On the plus side, obviously Microsoft’s new best friend Sun can’t use an evil, hybrid-source license like the GPL for Solaris and Java. They’ll have to use an asset-stripping license, which will allow other proprietary software vendors (such as Microsoft) to cherry-pick their code. But at least they won’t see the reduction in value of their intellectual property that they would if they went GPL. Um…


β€œWhat has your string quartet done, comrade, to further the cause of revolution?”

UK Arts Minister questions artistic instrumentalism:

Story at Guardian Online.

Instrumentalism has distorted perception and funding of art in the UK, giving rise to an aesthetic of access and trivialising art in the process.

The essay’s available here online. Click here for more information.


Asperger’s Syndrome Syndrome

Michaelangelo is the latest victim of Asperger’s Syndrome Syndrome. This is where a publicity hungry psychiatric hack assigns a pathology to someone famous using the famous bullet-point-comparison test.

Hopefully some day a cure will be found for the poor individuals who suffer from this syndrome syndrome. Or perhaps we’ll find that their inexplicable drive to pathologise notable historical figures is a result of their work, not a mental disorder, however much it might look that way when you reduce it to a soundbite.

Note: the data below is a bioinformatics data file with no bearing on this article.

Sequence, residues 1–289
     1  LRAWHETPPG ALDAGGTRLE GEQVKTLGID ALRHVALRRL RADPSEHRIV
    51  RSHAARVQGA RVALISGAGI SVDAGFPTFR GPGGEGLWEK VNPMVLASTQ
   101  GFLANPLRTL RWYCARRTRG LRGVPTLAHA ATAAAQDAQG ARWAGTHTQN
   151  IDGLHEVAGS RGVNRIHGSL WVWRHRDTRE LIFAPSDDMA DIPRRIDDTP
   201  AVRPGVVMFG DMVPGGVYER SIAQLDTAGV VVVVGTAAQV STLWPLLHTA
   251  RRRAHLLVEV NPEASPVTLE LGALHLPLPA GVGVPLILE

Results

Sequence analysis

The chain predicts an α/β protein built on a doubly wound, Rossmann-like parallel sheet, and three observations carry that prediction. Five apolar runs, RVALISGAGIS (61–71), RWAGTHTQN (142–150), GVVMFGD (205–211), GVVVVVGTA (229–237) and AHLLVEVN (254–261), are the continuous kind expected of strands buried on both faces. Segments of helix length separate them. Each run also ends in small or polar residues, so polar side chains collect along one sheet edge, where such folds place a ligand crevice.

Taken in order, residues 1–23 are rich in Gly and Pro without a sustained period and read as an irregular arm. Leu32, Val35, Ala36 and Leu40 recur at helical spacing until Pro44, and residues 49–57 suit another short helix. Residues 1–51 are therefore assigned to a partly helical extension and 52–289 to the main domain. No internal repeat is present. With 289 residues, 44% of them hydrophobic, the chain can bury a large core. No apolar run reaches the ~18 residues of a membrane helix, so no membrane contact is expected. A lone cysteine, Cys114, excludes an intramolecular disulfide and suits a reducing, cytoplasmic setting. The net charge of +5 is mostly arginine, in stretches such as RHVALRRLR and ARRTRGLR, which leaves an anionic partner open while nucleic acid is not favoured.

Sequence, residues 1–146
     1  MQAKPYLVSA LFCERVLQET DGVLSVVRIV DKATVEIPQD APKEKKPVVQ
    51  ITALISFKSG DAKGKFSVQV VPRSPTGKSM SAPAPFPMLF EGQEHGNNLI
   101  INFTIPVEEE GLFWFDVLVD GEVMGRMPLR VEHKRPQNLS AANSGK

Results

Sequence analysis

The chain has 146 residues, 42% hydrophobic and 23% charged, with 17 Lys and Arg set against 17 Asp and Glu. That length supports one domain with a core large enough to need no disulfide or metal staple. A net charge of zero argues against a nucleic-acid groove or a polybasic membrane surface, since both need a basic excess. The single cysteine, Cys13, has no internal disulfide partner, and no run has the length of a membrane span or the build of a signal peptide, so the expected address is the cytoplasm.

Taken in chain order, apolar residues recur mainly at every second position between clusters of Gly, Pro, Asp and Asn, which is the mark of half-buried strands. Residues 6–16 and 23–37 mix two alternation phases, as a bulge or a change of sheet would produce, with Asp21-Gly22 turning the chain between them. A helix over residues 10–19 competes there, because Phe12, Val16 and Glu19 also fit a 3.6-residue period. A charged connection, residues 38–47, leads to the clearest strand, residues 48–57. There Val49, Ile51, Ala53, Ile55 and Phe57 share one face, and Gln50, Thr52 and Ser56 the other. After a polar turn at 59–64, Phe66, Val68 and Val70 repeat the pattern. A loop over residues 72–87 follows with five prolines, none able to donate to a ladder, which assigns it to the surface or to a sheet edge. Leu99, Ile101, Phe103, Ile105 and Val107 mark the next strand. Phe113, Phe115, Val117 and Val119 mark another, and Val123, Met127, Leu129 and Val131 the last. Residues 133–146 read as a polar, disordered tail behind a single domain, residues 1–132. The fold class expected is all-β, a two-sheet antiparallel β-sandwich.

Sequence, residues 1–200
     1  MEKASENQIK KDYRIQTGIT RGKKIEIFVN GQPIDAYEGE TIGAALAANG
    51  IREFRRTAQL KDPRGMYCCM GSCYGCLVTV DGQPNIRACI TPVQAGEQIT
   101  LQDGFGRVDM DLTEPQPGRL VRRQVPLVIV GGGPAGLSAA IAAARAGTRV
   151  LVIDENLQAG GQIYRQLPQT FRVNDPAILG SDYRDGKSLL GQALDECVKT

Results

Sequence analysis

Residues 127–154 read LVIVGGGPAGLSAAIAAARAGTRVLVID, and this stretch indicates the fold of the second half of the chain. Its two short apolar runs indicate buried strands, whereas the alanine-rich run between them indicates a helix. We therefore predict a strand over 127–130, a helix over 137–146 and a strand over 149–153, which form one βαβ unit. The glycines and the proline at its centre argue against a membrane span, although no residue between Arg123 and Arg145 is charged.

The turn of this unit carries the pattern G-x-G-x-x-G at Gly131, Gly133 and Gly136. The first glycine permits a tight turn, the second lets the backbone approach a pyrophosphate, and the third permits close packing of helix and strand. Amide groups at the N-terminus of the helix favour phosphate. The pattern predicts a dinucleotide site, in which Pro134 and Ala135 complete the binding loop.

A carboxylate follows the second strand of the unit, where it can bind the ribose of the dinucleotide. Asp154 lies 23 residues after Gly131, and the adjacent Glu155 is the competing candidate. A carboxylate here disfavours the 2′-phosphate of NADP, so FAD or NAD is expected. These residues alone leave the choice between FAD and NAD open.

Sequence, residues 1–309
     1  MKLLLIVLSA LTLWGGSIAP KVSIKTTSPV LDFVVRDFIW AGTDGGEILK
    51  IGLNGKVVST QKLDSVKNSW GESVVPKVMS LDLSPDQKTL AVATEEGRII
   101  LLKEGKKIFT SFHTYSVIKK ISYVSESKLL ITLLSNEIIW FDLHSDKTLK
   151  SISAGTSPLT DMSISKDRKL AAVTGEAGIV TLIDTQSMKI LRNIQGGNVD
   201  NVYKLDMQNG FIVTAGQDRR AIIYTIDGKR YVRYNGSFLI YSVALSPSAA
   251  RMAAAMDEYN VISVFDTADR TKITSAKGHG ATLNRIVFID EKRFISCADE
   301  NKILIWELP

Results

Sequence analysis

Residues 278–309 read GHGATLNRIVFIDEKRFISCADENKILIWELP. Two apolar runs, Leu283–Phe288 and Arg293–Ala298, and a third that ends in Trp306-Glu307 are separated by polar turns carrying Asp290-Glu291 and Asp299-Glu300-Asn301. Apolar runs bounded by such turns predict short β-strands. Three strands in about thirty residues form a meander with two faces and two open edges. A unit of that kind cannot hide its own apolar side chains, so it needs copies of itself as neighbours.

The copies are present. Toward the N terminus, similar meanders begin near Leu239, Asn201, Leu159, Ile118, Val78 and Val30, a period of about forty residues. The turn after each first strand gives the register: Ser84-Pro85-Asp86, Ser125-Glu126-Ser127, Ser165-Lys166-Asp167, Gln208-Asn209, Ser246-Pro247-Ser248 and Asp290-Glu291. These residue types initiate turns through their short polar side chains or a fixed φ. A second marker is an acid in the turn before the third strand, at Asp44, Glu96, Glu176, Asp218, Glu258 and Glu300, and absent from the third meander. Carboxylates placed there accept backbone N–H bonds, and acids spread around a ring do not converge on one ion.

Free Culture

Open Clip Art

There is now an Open Clip Art project:

The only license they use is Public Domain, which I understand from a commercial point of view, but it would have been nicer to have a choice of the Creative Commons licenses. I’d add my work if I could CC it.

There’s nothing to stop you taking the work and combining it with your own work to make something that you then CC. That’s the disadvantage of the Public Domain: you can steal from it. But this can work for value creation as well as for asset stripping.

I really do think there’s a need for a creative equivalent of SourceForge; a host for creative projects. Computer game projects put graphics, sound and other content under version control, so artists can certainly do it. For Open creative projects, keeping track of submissions and being able to roll them back is vital to avoid any copyright infringement problems.

If only I was any good at writing NESTA funding proposals. πŸ™‚